The ever-lengthening series continues!

Part 1 gave an overview of the two main themes of our investigation of tunneling in the String Landscape—the collection of possible configurations that string theory’s extra dimensions can find themselves in, including certain flux fields through the extra dimensions.

In part 2 I told a more detailed story of what it means to curl up extra dimensions and I explained the notion of a flux that can keep the sizes and shapes of these dimensions stable.

In part 3 I explained a very special configuration called the “conifold.” When the extra dimensions are wrapped up in the shape of a Calabi-Yau manifold, there are extra parameters that control certain aspects of that shape. The conifold configuration of the Calabi-Yau manifold represents a specific choice of parameter values at which some part of the space collapses to zero size. If you had a little six dimensional ant that lived in the Calabi-Yau, it would experience the part of the space near the collapsed region as appearing to be like a six dimensional cone.

We now have all the ingredients for understanding what is meant by “String Landscape.” The extra dimensions are curled up into a Calabi-Yau shape. Generalized electric and magnetic fields pierce through parts of this shape to give you fluxes. For a given Calabi-Yau there are huge numbers of possible fluxes to put on the shape—that large number of flux configurations is usually what is referred to by a string landscape. It’s a landscape when you consider the energy function which will look very bumpy with lots of peaks, ridges, valleys, and wells. The model universe will want to settle down in a well of low energy much as a ball will roll into the valley between two peaks rather than stay teetering at the tip of one of the peaks.

So if we are able to map out some of this landscape, we should be able to see which flux configurations are favored by string theory for that particular Calabi-Yau. We simply search for the lowest energy wells in the landscape of energy that describes the various flux configurations. Interestingly, the landscape for the simple models that we investigated in our paper has certain patterns. Energy wells that the universe would like to settle into tend to appear periodically as one travels around and around the conifold configurations of the extra dimensions. Thus, if you find an energy well somewhere in the landscape, and then you—the intrepid explorer—wind around the conifold point, then you will often find another energy well after making roughly a 360 degree turn about the conifold point.

This pattern presents us with an opportunity to explore the details of the following scenario applied to string theory. In a *quantum *system, objects will not usually just stay forever in a given configuration, even if it has a low energy and is at the bottom of an energy well. Quantum mechanics implies that systems will jitter and jiggle around such configurations. Usually these jitters are very small, but very very rarely, such a random jitter can drive you out of the low energy configuration you are in and into a neighboring one over the mountain ridge dividing the two.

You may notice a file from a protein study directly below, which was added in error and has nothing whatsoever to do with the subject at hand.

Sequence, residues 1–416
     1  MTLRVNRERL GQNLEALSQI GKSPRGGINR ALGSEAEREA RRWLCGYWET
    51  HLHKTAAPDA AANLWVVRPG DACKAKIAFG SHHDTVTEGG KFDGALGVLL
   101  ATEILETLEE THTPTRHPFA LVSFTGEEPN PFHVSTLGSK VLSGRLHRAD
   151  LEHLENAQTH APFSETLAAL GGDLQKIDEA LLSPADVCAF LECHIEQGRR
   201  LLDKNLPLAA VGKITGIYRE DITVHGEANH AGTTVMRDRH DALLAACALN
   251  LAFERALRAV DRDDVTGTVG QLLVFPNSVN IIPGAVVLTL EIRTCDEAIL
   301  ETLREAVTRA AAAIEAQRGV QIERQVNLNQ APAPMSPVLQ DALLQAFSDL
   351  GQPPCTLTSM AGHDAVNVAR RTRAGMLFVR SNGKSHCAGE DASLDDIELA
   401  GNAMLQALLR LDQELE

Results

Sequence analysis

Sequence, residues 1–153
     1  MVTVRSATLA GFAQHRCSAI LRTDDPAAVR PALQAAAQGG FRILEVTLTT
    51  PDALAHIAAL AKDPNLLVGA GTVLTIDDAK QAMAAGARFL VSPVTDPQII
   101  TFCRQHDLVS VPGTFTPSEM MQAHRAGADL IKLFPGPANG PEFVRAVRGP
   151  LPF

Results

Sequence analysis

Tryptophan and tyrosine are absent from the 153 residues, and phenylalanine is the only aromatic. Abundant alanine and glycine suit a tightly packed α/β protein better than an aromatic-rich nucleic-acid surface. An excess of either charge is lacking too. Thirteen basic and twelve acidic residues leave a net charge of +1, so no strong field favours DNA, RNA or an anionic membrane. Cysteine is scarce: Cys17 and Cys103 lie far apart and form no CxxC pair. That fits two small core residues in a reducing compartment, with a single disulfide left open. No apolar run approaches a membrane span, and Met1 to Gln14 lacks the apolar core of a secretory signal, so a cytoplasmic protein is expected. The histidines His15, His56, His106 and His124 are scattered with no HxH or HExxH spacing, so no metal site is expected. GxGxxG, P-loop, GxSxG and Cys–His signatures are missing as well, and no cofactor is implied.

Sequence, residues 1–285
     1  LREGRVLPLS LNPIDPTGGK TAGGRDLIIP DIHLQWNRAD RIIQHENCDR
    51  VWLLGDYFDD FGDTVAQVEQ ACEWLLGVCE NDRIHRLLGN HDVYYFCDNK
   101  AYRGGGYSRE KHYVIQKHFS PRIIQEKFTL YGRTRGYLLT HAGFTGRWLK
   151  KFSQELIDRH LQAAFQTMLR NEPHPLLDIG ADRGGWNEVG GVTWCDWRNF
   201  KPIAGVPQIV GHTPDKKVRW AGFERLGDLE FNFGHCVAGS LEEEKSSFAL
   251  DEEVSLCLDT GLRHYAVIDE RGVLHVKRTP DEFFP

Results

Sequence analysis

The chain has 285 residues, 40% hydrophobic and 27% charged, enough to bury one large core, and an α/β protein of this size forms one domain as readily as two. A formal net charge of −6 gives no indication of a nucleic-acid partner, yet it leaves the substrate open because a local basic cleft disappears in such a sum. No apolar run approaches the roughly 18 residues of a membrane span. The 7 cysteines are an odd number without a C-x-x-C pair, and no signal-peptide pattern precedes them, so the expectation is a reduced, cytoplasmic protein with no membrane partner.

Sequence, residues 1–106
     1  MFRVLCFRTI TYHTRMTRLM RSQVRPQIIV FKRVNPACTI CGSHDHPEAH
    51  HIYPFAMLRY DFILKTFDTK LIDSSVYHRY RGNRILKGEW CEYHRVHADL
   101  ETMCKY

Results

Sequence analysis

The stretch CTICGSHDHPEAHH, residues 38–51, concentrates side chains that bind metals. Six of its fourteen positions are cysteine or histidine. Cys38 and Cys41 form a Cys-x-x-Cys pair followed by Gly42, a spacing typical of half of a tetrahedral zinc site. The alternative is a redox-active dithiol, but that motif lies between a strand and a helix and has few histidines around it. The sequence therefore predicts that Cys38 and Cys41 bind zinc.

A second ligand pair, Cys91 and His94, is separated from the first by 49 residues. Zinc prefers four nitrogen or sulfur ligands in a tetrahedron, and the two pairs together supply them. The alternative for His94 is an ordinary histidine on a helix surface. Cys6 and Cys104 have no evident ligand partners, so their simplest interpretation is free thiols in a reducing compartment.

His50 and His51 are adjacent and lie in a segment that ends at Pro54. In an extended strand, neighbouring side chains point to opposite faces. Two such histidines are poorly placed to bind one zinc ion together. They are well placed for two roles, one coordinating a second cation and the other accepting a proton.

This situation is often illustrated using the example of a particle in a box. In quantum theory, a particle isn’t described simply as a point in space. Instead it has associated with it a wavefunction that, for our purposes, tells us the probability of finding it at any given point. In this way, quantum theory tells us that even though when we observe them in space, particles look like little points, in order to understand how they move through space, we must model them as somehow extending out over all space in this wave-like manner.

So imagine placing a particle into a box and enclosing it tight. If you make the box out of some sort of impenetrable material—impermium let’s call it—then you know that the wave describing the particle is completely contained inside your impermium box. This means that sometime later, when you open the box up and try to locate the particle, you will inevitably find it somewhere inside the box.

But impermium is not a real material. Real materials always have some degree of permeability. So, if you build an almost impenetrable box and put the particle in, what happens? Well, sometime later you are likely to find that the particle is still in there when you open it up again. However, there is a tiny chance that the particle could have slipped out or “tunneled” through the box’s walls to escape. This is because a penetrable box allows the wavefunction of the particle to leak out a very slight amount. So despite having been initially placed in the box, there is a tiny but non-zero probability that it will get out after some time has passed.

Well, energy landscapes for general quantum systems behave in an analogous manner. If a system finds itself in a valley, but one of the mountain ridges is adjacent to another valley, then there is a tiny but non-zero probability that the system can tunnel out from its low-energy configuration described by the first valley and hop into the other low-energy configuration described by the adjacent valley. Note that this would not be possible if there was no quantum mechanics since there would be no quantum jitters that could drive the system up the mountain side and down into the adjacent valley.